Ugh...can a girl get a night's sleep here! Some of you saw me typing and messaging on Facebook at 4:00am my time. I fell asleep last night around midnight and woke up at 2:45 and never really went back to sleep until 6:30. Unfortunately, breakfast was at 9:00 with another meeting. I've never battled jet lag this bad before. Tonight might be a different story. I finally got to ride...and not just any ride. More about that later.
Jake and I had a final debrief over breakfast and then met up with a man, Ndobo Magunga. What a great name! He owns two coffee washing stations and is looking to expand his business. I'm sure he will have a need for the Project Rwanda bike in the near future.
Checked out, said my goodbyes to Jake and jumped in a car to be driven to Ruhengeri, my new home for the next four months. It's about 100 kilometers to Ruhengeri which sits on the northern border of Rwanda and Uganda. All day I have been trying to figure out how to express in words the amazing scenery and people I encountered during our two hour ride. I didn't take pictures other than one because I was simply mesmerized. To explain it would be doing it an injustice. If you've ever driven from San Jose, Costa Rico to Jaco on the Pacific Ocean, think of that drive times ten. What made the drive so amazing was not only the lucious green countryside with it's terraced farms rising thousands of feet above the valley, it was all the people walking along the road. I really felt I had stepped into a page from National Geographic. The women walking along the road were dressed in long colorful skirts carry everything you can imagine balanced on top of their heads. There's not a fast food joint, billboard, or brick sound wall anywhere in sight! Heaven...
When I got to Ruhengeri I met Felix, the Project Rwanda assistant. He's Rwandan and he showed me around the house. We walked over to my new house which I'll be moving into in the next couple of weeks with the new Bike Director. Those are the pictures I posted. Then onto the warehouse where all the bikes are being stored. The goal is 2009 bikes in 2009. I have a lot of work to do.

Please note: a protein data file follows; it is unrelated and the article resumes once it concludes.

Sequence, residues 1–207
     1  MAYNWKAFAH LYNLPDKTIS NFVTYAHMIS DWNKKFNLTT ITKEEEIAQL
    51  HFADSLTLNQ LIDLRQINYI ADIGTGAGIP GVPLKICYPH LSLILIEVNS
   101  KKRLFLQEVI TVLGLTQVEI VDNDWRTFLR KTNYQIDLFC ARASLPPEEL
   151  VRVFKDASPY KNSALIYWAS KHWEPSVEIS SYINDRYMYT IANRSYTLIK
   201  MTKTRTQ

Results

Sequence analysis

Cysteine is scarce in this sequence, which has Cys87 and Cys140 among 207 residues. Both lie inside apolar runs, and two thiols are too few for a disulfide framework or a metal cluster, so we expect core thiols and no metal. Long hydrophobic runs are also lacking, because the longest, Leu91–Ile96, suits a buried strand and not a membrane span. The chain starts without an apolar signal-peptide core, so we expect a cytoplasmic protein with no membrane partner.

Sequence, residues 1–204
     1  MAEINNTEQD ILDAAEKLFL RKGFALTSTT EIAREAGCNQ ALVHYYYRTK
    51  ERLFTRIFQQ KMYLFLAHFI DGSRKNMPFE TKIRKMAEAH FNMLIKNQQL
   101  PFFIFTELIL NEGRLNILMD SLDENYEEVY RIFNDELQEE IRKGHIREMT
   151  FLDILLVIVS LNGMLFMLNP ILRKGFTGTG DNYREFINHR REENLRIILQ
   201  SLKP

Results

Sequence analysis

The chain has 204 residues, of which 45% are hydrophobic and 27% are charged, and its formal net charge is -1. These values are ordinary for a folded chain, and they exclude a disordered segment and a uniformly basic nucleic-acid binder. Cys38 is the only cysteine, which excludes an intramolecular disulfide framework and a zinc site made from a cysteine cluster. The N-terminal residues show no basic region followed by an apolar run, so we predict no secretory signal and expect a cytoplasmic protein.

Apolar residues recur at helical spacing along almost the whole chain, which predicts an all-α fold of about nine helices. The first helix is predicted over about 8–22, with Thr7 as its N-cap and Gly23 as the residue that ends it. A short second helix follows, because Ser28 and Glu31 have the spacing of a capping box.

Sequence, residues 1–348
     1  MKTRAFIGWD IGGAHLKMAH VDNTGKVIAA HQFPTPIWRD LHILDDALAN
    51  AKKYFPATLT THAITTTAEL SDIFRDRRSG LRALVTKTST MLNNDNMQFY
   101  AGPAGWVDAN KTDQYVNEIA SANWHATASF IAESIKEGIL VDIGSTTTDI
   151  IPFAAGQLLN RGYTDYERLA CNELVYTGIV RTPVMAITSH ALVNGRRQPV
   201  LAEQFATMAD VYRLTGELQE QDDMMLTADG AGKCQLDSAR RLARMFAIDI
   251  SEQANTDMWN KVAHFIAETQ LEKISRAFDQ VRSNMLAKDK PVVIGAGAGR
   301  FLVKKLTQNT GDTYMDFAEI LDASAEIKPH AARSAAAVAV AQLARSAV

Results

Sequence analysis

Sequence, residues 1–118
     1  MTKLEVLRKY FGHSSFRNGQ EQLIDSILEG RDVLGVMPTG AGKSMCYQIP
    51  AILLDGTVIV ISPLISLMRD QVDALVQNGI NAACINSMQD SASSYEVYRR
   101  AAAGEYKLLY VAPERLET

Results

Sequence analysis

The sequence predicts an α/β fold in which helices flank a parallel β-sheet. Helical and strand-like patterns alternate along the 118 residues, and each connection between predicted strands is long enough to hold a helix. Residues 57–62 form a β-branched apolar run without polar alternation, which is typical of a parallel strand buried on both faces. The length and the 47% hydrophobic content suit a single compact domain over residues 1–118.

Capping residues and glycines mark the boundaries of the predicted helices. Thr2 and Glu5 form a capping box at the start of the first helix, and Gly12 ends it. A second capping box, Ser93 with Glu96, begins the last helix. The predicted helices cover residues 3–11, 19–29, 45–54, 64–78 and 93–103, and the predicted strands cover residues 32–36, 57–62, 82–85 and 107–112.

When we got back to the house, Jock was home and the very first thing he asked me was if I wanted to go for a quick ride. Hello? Where's my bike? He put me on a carbon frame CR1 Scott road bike and off we went. We road through the town of Ruhengeri and headed north on the road to Uganda. I can't believe I was on a bike in the middle of Africa riding with the first American to ride in the Tour de France. Is this really happening to me?
There were so many people walking along the road. Instead of yelling at anyone that you are coming up on them you hiss. It will take me a while to get used to hissing at people but that's the appropriate response. It was interesting watching people stare. No one was ever disrepectful about it. It was simply completely out of their realm of thinking seeing two Muzungu's (white people) riding bikes down the road, especially seeing a female Muzungu...on a bike!
Jock and I were rolling down a fast hill when all of a sudden about 50 young kids, mostly girls come running from their school out to the road to see us. People here are so happy and their lives are so extremely difficult. I have such respect for these people. It puts everything in perspective. We should all be thankful we live where we do and have the opportunities we have.
One of the pictures on the new post is at the Ugandan border. We could have gone it, however, it's a single entry visa for $50. It is very surreal to think last week I was riding the loop at Red Rock and today I'm riding from Rwanda to Uganda.
After a hot shower to wash off all the malaria carrying mosquitos stuck to my body, Rebecca came over and Jock made us dinner. Pasta. Of course! Rebecca got here a few months ago. She's a Peace Corp worker. So...I will sleep well tonight. I had a great day, a spectacular ride, a home made pasta dinner and hanging out with Jock, Rebecca and Congo...the cat. Life is good!